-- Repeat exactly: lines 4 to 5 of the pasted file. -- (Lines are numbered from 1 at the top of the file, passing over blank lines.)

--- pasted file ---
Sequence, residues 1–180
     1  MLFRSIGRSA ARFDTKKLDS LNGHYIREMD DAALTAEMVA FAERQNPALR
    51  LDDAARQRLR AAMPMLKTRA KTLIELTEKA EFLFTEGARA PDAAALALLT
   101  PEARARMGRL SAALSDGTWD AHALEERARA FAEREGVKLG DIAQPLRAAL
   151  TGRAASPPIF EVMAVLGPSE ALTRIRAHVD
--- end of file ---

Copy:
   101  PEARARMGRL SAALSDGTWD AHALEERARA FAEREGVKLG DIAQPLRAAL
   151  TGRAASPPIF EVMAVLGPSE ALTRIRAHVD